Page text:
Enduring Ethics – Mirror, Mirror…

MirrorRick always had a way of delivering a one liner – humble but honest, seasoned with reality.  One day he looked at me and said “with just a little work, we could be the Pharisees of the 21st century.”  The “we” was our church, our denomination… us.

He was reminding me, and others in leadership, that its seldom as simple as “them”.  Sometimes its “us”.  The old spiritual put it this way “It’s me, it’s me O Lord, standin in the need of prayer...”

In Snow White, the evil queen was focused only on herself, repeatedly asking the mirror who was the fairest in the land?  We are usually focused on ourselves as well, but seldom have the courage to ask who is the most Pharisaical in the land?  We assume it’s never us.

Around the mid second century BC a group arose named the “separated ones”.  Their hearts may have been in the right place.  They wanted to stay their country from falling away from God, His instruction, and His protection.  But like some organizations, their charter to preserve degenerated into to lifeless categories of prohibition.  The big idea was lost in a growing mountain of minutiae.

Jesus’ strongest words were reserved for these folk – the Pharisees.  During his last week of ministry, after being followed, hounded, criticized and nitpicked to death by these religious legalists, Jesus unloaded in broad daylight.  Seven times he pronounced a “woe” upon them.  Seven times they suffered direct hits to their system, ego, and reputation.  Seven times the Son of God called them what they were:  hypocrites, sons of hell, blind guides, blind men, blind Pharisees, snakes, and brood of vipers.  There was no good news.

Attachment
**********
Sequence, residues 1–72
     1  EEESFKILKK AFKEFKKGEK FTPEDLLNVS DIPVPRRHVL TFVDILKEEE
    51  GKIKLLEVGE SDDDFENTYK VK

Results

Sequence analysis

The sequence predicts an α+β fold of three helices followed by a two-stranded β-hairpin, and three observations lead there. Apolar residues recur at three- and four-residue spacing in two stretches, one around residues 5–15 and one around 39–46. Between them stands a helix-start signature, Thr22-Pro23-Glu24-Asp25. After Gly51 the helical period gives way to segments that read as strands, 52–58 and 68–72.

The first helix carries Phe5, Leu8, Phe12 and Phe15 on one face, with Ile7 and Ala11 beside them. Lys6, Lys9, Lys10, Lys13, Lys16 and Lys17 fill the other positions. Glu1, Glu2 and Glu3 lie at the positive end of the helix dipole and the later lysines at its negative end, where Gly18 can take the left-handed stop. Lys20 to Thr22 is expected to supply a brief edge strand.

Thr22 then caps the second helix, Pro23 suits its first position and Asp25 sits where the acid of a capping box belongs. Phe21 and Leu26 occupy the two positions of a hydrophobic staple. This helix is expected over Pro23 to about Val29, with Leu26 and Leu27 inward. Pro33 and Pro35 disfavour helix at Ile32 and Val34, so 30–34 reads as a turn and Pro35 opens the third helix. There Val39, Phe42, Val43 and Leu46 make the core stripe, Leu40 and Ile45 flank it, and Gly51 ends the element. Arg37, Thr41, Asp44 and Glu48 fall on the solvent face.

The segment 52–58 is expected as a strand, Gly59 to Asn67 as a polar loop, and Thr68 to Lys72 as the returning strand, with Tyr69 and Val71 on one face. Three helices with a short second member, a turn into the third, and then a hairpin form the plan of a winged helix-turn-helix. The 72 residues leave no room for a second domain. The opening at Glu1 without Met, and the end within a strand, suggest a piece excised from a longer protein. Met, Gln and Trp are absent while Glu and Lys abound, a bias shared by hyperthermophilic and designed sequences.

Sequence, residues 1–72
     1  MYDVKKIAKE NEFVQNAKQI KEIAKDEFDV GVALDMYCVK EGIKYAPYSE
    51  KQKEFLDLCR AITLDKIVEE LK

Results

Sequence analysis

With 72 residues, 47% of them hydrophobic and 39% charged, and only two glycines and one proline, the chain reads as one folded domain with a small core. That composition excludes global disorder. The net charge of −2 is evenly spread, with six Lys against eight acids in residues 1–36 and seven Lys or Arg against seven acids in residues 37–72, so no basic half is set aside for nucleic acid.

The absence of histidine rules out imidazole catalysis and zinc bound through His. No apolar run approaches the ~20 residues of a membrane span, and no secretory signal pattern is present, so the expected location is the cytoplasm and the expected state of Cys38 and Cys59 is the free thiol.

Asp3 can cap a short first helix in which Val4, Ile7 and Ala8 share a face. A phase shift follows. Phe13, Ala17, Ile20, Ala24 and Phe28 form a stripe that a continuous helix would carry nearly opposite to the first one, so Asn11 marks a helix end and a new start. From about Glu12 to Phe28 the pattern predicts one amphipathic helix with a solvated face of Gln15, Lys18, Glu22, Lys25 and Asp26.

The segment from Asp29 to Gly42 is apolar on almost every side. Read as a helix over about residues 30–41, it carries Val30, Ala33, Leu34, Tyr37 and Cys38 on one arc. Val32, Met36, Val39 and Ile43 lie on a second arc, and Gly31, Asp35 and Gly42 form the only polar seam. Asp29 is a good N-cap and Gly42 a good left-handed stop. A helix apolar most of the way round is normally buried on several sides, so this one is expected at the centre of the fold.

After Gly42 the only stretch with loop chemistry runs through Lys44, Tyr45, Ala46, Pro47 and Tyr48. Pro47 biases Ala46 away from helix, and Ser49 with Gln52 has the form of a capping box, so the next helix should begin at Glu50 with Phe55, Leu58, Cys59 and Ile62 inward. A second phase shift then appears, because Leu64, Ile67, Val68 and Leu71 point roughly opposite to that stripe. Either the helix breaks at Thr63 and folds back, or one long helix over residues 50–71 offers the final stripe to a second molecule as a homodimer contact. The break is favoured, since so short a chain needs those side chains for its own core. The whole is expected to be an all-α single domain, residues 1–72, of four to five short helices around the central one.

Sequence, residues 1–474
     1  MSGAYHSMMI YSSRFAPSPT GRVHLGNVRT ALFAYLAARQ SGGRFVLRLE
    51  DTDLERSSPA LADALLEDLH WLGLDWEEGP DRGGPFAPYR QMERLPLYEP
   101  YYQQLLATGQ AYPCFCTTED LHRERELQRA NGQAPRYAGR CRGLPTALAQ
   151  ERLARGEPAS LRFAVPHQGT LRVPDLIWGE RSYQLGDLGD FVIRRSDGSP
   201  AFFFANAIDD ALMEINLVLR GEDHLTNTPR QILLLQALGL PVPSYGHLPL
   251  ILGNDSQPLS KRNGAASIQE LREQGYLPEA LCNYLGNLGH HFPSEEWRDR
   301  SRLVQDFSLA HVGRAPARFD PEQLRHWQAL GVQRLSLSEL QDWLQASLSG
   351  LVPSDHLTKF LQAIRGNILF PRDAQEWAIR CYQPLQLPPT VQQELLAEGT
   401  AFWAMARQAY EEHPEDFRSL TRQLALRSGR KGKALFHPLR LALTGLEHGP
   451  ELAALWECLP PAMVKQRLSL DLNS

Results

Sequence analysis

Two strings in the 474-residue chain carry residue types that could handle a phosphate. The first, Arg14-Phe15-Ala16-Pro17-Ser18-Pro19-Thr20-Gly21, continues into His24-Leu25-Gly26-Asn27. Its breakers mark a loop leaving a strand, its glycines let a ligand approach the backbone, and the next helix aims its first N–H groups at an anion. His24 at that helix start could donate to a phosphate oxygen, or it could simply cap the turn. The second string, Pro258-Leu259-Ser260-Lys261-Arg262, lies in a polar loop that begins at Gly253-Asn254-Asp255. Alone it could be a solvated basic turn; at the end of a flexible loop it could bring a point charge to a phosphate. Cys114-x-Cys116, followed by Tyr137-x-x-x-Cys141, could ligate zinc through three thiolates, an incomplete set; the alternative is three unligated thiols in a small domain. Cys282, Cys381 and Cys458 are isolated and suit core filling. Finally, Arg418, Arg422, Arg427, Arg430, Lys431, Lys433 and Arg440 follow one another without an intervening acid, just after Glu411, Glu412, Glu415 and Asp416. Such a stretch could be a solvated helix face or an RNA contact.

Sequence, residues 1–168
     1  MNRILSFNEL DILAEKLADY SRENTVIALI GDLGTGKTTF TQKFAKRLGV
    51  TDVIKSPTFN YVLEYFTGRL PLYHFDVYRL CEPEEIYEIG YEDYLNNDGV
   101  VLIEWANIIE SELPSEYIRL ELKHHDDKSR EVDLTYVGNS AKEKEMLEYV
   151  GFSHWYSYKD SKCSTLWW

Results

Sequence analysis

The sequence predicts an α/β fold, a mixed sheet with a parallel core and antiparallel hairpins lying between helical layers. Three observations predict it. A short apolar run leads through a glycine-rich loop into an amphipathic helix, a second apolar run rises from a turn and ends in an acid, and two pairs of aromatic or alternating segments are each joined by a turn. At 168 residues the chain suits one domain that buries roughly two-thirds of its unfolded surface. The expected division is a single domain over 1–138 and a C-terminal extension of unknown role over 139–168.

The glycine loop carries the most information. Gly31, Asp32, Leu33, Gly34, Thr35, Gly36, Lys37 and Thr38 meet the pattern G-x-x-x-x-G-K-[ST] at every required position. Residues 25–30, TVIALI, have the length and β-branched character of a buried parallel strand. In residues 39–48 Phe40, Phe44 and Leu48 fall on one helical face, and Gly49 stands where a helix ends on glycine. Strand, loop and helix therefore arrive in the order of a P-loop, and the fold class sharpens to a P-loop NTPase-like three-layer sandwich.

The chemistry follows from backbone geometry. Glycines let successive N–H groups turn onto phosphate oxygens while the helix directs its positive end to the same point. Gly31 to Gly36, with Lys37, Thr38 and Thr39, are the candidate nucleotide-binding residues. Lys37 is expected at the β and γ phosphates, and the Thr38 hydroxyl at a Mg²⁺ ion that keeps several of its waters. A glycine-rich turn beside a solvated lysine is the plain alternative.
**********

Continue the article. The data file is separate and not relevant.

Why?  Because they…

  1. shut the kingdom of heaven in men’s faces, making it impossible for them to enter.  Their rules were legion, their regulations irrelevant and divorced from God’s law.  Their teaching was critically obtuse, holding no good news at all.
  2. travelled over land and sea to make a single convert that contributed to their disease.  Their missionary work wasn’t to spread the sacrificial love of God through Christ, but rather to extend their complex web of legalities and minutiae.  It took a lot of travel to produce one convert.  And it wasn’t the kind of convert that made anyone’s life better.
  3. took oaths in front of people that sounded good, but excused themselves from actual follow through by careful parsing of the oath language.  Like a multi-national firm seeking tax evasion, these folk wanted public praise without any personal cost.
  4. tithed herbs while neglecting the weightier matters of the law like justice, mercy and faithfulness.  The point of tithing was to teach dependence on God and continually enrich the relationship with God.  That they could tithe on their mint leaves and walk by injustice meant they had no relationship with God in the first place.  Jesus called it “straining out a gnat but swallowing a camel”